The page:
Supreme Court to decide if state can consider political affiliation in judicial appointments
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Supreme Court to decide if state can consider political affiliation in judicial appointments

The US Supreme Court issued an order on Friday granting certiorari to a new case for their current term. Carney v. Adams challenges the constitutionality of a Delaware law limiting the appointment of judges based on their political affiliation in order to achieve balance on the court.

Within Delaware’s Constitution, the Article IV, Section 3 provision prohibits judges affiliated with any one political party to constitute more than a “bare majority” on all of the state’s courts. For the higher courts, seats are balanced based on “major political party.” The law attempts to establish a balance between political ideologies on each court but is accused of omitting smaller political parties. As a result, the provision in its entirety has been challenged as a violation of a person’s First Amendment right to freedom of association.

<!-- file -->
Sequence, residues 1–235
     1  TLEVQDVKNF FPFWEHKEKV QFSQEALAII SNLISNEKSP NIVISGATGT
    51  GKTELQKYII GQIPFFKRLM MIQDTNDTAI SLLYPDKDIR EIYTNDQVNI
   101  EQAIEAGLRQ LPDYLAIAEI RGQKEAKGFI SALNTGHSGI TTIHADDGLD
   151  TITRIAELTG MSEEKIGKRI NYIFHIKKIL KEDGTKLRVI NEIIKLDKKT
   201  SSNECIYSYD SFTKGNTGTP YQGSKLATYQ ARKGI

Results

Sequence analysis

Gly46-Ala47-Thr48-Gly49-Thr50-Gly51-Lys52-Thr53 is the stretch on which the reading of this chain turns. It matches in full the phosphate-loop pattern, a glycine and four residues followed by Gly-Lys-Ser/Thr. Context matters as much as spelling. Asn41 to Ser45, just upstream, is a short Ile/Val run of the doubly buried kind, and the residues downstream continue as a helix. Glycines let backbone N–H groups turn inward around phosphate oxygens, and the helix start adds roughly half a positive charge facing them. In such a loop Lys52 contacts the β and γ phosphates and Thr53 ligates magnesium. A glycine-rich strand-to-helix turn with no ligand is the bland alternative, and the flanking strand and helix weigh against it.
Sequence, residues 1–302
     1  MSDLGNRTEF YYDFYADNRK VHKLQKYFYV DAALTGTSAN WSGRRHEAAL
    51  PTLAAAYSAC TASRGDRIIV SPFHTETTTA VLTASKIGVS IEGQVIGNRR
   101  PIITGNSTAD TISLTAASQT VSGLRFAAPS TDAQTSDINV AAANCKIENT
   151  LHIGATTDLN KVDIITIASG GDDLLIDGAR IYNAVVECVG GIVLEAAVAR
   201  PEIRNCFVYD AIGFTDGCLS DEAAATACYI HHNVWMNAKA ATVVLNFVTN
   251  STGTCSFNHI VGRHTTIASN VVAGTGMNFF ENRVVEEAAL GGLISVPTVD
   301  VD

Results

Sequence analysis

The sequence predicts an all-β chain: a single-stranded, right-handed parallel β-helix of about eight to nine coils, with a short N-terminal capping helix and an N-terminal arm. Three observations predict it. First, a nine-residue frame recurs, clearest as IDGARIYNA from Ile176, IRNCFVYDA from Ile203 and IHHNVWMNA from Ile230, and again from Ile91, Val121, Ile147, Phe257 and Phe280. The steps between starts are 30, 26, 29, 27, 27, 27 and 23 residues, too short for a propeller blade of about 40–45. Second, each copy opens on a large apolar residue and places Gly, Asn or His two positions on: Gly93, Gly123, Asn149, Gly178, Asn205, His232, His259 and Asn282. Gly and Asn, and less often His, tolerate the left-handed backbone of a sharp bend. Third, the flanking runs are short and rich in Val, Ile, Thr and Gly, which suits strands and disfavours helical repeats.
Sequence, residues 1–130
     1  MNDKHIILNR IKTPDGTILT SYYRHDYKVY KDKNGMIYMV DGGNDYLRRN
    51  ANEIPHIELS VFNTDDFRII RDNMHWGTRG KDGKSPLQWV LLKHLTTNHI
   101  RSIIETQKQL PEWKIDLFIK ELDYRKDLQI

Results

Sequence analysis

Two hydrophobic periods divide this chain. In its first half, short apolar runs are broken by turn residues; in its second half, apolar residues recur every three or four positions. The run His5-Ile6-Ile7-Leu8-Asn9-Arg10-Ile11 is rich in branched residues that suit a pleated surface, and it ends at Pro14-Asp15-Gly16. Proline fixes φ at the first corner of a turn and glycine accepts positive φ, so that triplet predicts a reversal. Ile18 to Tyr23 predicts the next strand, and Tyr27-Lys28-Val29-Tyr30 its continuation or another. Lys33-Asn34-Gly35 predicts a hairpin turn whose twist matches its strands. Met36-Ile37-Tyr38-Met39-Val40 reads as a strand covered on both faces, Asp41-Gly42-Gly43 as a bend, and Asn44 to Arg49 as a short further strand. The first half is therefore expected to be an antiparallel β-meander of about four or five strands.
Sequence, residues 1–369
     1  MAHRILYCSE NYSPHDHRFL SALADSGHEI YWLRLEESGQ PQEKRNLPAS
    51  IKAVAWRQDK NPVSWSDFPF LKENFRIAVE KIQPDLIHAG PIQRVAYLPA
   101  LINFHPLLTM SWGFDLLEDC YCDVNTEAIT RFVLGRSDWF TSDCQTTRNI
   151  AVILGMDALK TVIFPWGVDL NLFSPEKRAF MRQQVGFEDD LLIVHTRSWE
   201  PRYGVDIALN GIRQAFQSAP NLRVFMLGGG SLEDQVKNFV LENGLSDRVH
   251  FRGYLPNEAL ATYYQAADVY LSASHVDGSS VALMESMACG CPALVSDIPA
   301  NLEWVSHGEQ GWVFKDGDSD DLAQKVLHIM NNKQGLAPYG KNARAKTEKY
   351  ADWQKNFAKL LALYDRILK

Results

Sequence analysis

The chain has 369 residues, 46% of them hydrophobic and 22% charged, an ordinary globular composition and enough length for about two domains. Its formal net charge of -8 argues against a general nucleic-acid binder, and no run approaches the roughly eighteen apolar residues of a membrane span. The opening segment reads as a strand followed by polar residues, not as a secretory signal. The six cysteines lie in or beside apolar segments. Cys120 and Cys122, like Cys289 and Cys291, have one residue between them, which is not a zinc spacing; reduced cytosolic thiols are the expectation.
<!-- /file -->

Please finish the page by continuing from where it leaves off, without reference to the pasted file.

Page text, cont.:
The plaintiff in this case, James Adams, is a retired lawyer seeking a judicial position. Adams is a registered Independent. When attempting to apply for a judicial position in 2014, Adams found he was unable to apply as both the Superior and Supreme Courts were comprised of a bare majority of Democrats; making the only positions available open to Republicans. He attempted to reapply in 2017, but again the positions were only open to Republicans.

In his original lawsuit, the U.S. District Court for the District of Delaware determined that while Adams only had standing to challenge some of the provision’s sections, a ruling on the merits rendered the entire provision unconstitutional. On appeal, the U.S. Court of Appeals for the Third Circuit upheld the first three sections of the provision to be unconstitutional — the sections with language demanding a “major political party” — but reversed the District Court’s decision regarding the others due to Adams lack of standing.

The Supreme Court has asked each party to address both the First Amendment issue as well as the standing question.